May 21, 2009

And What Else Beyond?

This morning I tied plastic-covered strips of paper to each of the signs in “Beyond the Chief,” an installation by Edgar Heap of Birds on the campus of the University of Illinois, in Urbana. The strips read:
On May 17, 2009, the artist Edgar Heap of Birds was quoted in The News-Gazette:
“[This is] really a memorial to the tribes that are gone….When natives make memorials to themselves or their losses that’s more important than a college mascot or other issue. Everything doesn’t have to be about the dominant white culture.”

Indeed, everything is not about the dominant white culture, but it is always a challenge to confront that dominance without simultaneously centering it. The most recent vandalism to “Beyond the Chief” (the sixth by my count, on May 20, apparently during the day) of course saddened and angered me, but I was also torn about an effective response. Would expressing outrage satisfy the vandal(s)? Could I respond creatively and respectfully to such acts of intolerance? (The vandalisms are acts of intolerance.) Are we inching forward, away from the toxic past of that mascot, toward a culture of respect? Or are we backsliding? Will it always be a push-and-pull between people’s hateful actions and words, and calls for conversation and dialogue? How to get past the irony that Mr. Heap of Birds’ art is property, with an assessed value, that comments on land that is stolen property, which wasn’t initially viewed as property, but rather as a gift to be held in sacred trust? Where do we begin to heal the many breaches of trust?

For a start, we must apologize to the artist and to the students, staff, faculty, and alumni who have worked so long and hard to make a (theoretically) safe space for indigeneities at UIUC because we have not been able to provide a safe space. Who is “we”? Ideally, “we” is the institution and its official subgroups, but I’ll say this now:
I am sorry. Out of that regret and sorrow, I will act with love, to the best of my ability.
Not a cursory sorry, not an unhelpful guilty sorry, but an apology that acknowledges from my heart that I share in and have benefited from a legacy of genocide, theft, greed, and hate in which John Iryshe, bastard son of an English mother, and all of his descendants from 1629 on, including me, participated, directly or indirectly.

I hold that sorrow together with joy, for my life, and for the variety of lives around me. I reach out from that joy as best I can. While I have long admired the work of Edgar Heap of Birds, I felt joy walking down Nevada Street to work everyday, before the vandals struck, and struck again, and again. For me, the public artwork of Heap of Birds goes to the center of vital issues, ideas that prompt questions and honor others. It is about respect.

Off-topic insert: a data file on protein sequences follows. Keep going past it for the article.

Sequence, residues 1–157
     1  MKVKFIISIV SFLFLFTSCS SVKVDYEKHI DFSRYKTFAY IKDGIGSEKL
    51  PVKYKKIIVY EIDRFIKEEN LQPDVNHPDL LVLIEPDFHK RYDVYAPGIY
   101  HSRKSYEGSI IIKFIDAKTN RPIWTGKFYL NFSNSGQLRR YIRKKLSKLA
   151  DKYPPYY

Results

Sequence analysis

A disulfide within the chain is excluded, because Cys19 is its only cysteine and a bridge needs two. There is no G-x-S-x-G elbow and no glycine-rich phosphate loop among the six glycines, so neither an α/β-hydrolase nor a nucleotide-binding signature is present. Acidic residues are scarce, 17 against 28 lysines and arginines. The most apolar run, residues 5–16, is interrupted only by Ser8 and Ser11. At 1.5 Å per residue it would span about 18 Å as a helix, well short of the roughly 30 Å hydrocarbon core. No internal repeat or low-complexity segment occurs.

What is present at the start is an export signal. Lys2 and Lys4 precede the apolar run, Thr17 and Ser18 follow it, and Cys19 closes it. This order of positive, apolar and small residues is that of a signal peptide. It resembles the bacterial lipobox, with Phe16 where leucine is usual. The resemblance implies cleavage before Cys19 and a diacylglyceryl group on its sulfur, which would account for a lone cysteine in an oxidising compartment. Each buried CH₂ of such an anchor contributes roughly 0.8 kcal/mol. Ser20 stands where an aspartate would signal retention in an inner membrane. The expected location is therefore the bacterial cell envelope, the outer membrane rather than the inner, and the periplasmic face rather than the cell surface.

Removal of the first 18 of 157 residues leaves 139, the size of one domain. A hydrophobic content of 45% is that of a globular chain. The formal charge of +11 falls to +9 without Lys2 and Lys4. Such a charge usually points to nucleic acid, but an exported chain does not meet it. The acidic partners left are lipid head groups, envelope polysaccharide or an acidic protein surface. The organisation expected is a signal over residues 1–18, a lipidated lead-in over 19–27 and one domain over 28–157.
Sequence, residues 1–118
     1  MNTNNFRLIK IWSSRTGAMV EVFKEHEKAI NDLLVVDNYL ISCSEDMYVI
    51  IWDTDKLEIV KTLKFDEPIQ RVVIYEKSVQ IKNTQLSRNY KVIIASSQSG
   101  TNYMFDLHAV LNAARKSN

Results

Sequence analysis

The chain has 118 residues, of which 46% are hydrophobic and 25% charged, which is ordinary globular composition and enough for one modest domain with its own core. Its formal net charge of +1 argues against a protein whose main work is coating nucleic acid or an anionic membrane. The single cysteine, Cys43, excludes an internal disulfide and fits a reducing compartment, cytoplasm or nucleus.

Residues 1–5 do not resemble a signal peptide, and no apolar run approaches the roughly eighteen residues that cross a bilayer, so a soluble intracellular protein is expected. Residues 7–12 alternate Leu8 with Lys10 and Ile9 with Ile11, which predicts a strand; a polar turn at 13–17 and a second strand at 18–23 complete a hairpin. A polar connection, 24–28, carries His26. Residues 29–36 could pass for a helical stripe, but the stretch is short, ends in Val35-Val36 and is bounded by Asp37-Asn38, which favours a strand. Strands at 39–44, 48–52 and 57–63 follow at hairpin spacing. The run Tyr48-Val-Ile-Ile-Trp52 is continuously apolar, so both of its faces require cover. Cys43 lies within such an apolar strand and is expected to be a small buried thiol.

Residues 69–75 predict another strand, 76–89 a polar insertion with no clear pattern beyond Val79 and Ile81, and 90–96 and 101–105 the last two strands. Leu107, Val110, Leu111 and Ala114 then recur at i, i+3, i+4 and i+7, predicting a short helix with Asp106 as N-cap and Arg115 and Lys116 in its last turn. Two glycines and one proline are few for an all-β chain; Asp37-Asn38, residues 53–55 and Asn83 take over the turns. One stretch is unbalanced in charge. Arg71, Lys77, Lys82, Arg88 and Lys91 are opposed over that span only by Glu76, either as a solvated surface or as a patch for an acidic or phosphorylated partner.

And what else?

We must buy this work of art, to continue the implicit conversations among us, to continue to honor those who came before, whom we long dishonored.
And what else?

Retire the name “Fighting Illini.” Find a new mascot and new music for sporting events.
And what else?
Make this mission statement on the official “Illini” website real:
“To have the highest quality athletic program in all sports that allows the University of Illinois teams to compete for championships in the Big Ten Conference and the National Collegiate Athletic Association…with integrity and a caring community.”
See another post other for possible actions.

May 13, 2009

Reimagining Ourselves

The signs in Edgar Heap of Birds’ installation were vandalized for a fourth time on May 10, 2009. Someone wrote on one sign and two other signs were bent further.

I was reading Patricia J. Williams the other day: Seeing a Color-Blind Future: The Paradox of Race (1997). She’s a lawyer and theorist who attended the recent Feminist Futures conference here at the University of Illinois. Here are the parts of her essay, “The Emperor’s New Clothes,” that rang bells for me:

[T]he dilemma of the emperor’s new clothes, we might call it—is a tension faced by any society driven by bitter histories of imposed hierarchy.
…The ability to remain true to one self, it seems to me, must begin with the ethical project of considering how we can align a sense of ourselves with a sense of the world. This is the essence of integrity, is it not, never having to split into a well-maintained “front” and a closely guarded “inside.”